In FIG. 6, reference pattern files 611(1), 611(2), 611(3), . . . , (611(I) are those of having each a frequency interval of a plurality of LSP information set beforehand according to the speech data.

LSP information supplied from the DP processor 307 measures LSP frequency interval which is set beforehand on an LSP period instrument 613, or an interval between ω1 and ω2 of 10-dimensional LSP frequencies ω1, ω2, . . . ω10 particularly in this embodiment, and sends it to a reference pattern selector 612.

The reference pattern selector 612 reads contents stored in the reference pattern files 611(1) to 611(I), determines the reference pattern file having the most approximate LSP frequency interval, and sends a reference pattern file designation code data which designates a number of the reference pattern file to the coder 309.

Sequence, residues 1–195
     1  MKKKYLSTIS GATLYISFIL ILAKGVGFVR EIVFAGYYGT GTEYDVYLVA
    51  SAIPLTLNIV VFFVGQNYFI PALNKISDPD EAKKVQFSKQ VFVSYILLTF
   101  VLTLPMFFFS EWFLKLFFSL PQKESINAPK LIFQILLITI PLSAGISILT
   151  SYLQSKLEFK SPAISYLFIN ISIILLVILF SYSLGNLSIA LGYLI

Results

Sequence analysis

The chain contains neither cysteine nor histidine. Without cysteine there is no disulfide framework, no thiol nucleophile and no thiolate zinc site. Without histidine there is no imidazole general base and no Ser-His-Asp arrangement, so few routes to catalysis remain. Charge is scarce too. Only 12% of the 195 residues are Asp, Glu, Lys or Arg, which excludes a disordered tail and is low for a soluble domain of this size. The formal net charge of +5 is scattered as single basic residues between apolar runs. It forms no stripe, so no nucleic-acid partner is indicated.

The reference pattern selector 612 then sends the contents stored in the determined reference pattern file to a spectral distance instrument 610. The instrument 610 carries out a pattern matching through measuring a spectral distance to the LSP information of the input speech signal supplied from the DP processor 307 according to an arithmetic operation in which the frequency spectral sensitivity in the expression (2) is substituted by the frequency interval spectral sensitivity, selects the most approximate reference pattern number included in the determined reference pattern file, and then sends a reference pattern designation code data which designates the reference pattern to the coder 309. In a spectral distance operation in the spectral distance instrument 610, the frequency spectral sensitivity stored in the frequency spectral sensitivity memory 614 is utilized as a weighing coefficient at the time of operation in the expression (2).